We should not allow foreign forces to derail the electoral process

I now understand better the reasons behind the noise being made by the foreign sponsors of some of the wannabe presidential candidates: to short-circuit our electoral processes to lower standards to the gutter in order to make it possible for their totally unqualified protégés to qualify.
People collect their voter cards at Sainte Famille polling station during the 2015 referendum on the Constitution. Faustin Niyigena.
People collect their voter cards at Sainte Famille polling station during the 2015 referendum on the Constitution. Faustin Niyigena.

Editor,

RE: “NEC approves Kagame, 2 other candidates ahead of August presidential elections” (The New Times, July 7).

 

I now understand better the reasons behind the noise being made by the foreign sponsors of some of the wannabe presidential candidates: to short-circuit our electoral processes to lower standards to the gutter in order to make it possible for their totally unqualified protégés to qualify.

 

But seriously, the contempt these foreign meddling busybodies have for the people of Rwanda must be without any limit for them to wish to hoist onto us some of these people. That of course puts aside the question of where they think they got the prerogative to poke their noses into our strictly domestic business. This especially given their continuing hysteria at the completely unproven and very remote possibility that Putin’s Russia – perish the thought – could, might perhaps, maybe, somehow influenced their own elections in favor of his own favored candidate(s).

 

Do these people fail to see how hypocritical they sound and look when they whine about Russia’s interference in their own elections while trying to openly rampage like bulls in a china shop in our own?

Oh, I forgot, they see it as a God-given right to behave hypocritically because of their ‘exceptionality’! Well, I got news for you, we follow what is happening around the world, and there is nothing exceptional about you; you only delude yourselves if you believe your own propaganda, nobody else does.

Mwene Kalinda

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Well if they failed to meet the minimum requirements, then they only have themselves to blame. Needless to say that the West will be throwing tantrums claiming that the disqualified candidates were deliberately blocked as if they ever even stood a chance.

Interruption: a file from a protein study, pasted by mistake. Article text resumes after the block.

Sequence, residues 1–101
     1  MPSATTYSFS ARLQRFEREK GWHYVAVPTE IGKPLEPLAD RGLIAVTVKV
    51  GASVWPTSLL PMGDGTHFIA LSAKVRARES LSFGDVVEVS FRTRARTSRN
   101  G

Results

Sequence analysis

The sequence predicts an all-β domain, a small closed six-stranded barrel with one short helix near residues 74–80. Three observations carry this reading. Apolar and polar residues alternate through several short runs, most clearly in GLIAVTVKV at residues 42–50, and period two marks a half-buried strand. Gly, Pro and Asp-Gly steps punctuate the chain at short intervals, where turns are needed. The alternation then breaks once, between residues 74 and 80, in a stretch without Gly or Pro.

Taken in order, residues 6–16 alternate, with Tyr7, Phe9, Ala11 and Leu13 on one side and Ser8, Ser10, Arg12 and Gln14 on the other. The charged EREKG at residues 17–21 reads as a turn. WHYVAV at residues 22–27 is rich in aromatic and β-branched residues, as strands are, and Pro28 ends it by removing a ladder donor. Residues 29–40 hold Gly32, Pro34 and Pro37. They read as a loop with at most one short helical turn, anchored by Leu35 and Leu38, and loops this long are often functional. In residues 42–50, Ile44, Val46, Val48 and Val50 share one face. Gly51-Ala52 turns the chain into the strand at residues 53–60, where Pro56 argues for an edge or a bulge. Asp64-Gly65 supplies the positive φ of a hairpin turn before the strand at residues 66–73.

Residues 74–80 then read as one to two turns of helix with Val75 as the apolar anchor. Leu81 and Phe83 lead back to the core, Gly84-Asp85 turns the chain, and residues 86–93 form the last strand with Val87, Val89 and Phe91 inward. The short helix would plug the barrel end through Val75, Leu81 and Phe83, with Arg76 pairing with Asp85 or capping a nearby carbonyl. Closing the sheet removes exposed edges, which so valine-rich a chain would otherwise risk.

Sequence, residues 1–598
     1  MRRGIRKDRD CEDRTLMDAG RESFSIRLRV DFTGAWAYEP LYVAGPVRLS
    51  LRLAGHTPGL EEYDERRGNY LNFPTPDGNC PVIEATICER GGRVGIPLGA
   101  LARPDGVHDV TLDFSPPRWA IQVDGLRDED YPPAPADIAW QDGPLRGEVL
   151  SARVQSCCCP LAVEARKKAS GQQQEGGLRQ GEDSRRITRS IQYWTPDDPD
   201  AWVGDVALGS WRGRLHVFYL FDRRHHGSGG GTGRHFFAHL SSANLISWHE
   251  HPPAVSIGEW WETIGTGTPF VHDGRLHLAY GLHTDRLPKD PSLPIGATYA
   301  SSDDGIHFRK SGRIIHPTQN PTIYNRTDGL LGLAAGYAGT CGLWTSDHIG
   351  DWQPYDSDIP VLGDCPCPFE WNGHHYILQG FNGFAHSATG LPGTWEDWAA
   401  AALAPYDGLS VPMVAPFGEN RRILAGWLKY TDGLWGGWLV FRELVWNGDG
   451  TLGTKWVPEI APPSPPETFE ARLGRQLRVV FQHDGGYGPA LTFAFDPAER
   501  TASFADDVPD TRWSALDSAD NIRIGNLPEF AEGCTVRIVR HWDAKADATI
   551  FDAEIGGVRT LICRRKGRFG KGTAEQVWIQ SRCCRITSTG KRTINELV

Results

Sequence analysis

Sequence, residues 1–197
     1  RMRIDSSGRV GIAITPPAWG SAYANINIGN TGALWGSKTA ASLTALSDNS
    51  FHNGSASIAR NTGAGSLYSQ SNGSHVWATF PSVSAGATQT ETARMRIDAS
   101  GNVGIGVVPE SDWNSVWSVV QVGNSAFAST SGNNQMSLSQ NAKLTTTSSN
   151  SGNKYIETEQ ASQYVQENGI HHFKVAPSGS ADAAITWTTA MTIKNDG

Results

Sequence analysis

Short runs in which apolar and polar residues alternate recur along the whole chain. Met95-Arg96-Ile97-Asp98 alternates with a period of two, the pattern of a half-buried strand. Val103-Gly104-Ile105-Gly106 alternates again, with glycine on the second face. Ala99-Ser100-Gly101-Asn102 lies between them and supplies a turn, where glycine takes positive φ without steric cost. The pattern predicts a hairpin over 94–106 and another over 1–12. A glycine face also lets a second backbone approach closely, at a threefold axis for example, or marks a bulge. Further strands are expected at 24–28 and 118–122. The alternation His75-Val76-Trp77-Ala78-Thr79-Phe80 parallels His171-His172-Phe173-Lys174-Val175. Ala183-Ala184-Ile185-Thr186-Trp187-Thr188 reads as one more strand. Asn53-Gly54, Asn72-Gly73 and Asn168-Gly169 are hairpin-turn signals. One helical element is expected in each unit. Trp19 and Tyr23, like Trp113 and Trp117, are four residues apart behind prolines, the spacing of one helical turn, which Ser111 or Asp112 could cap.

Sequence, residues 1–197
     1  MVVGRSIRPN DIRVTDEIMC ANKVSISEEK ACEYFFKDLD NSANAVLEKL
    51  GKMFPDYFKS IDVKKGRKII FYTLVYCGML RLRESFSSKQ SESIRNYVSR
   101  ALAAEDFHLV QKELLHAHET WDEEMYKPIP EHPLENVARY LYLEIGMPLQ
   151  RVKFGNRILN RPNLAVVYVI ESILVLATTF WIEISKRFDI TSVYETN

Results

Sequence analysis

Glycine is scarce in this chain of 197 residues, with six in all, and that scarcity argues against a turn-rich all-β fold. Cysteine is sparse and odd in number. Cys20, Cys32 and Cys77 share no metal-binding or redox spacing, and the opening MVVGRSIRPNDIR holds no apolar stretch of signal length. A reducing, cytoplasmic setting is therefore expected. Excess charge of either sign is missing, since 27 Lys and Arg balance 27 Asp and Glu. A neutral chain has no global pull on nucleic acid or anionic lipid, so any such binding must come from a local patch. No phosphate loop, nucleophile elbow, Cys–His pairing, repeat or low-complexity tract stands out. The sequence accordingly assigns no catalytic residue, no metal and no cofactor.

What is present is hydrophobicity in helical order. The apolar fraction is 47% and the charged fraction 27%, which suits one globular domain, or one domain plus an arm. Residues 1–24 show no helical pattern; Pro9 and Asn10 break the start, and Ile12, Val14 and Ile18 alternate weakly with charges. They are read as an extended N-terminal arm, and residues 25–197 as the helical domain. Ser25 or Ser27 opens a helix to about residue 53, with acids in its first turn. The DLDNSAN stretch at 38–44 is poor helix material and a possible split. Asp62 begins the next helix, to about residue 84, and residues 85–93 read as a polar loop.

I did see Ms. Rwigara say that she managed to gather more than 900 signatures, but I doubt she got all districts. Also what is the rapport with the two deceased signatories? Does one’s signature become null once they pass away?

Ali Rukariza

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You ask what the rapport is with the two deceased signatories of Ms. Rwigara’s candidacy papers? From what I understand the National Electoral Commission to be saying, the deceased are supposed to have affixed their signatures to her papers after they had already passed on into the afterlife.

This is apparently a slightly difficult proposition for a notoriously unimaginative electoral commission to bend its mind around, holding instead the somewhat ‘unreasonable’ position (at any rate from the point of view of Diane Rwigara and her foreign supporters) that the deceased couldn’t be signing official papers from The Great Blue Yonder!

I can already hear the sound of furiously grinding teeth from those who consider the NEC’s insistence on sticking by our electoral laws, including the strict application of eligibility criteria, as somehow unreasonable. But as far as we Rwandans are concerned, that gnashing of teeth is pure music to our ears. They shouldn’t be poking their noses into strictly domestic processes. That is not and has never been a legitimate function of diplomats accredited to any country, unless it is one lacking any sovereignty.

Their meddling into our elections crosses a line beyond which they can be said to be in breach of their diplomatic status; and we know what the consequences of such violation of diplomatic rules should lead to if Kigali should choose to apply those rules to the letter.

Mwene Kalinda

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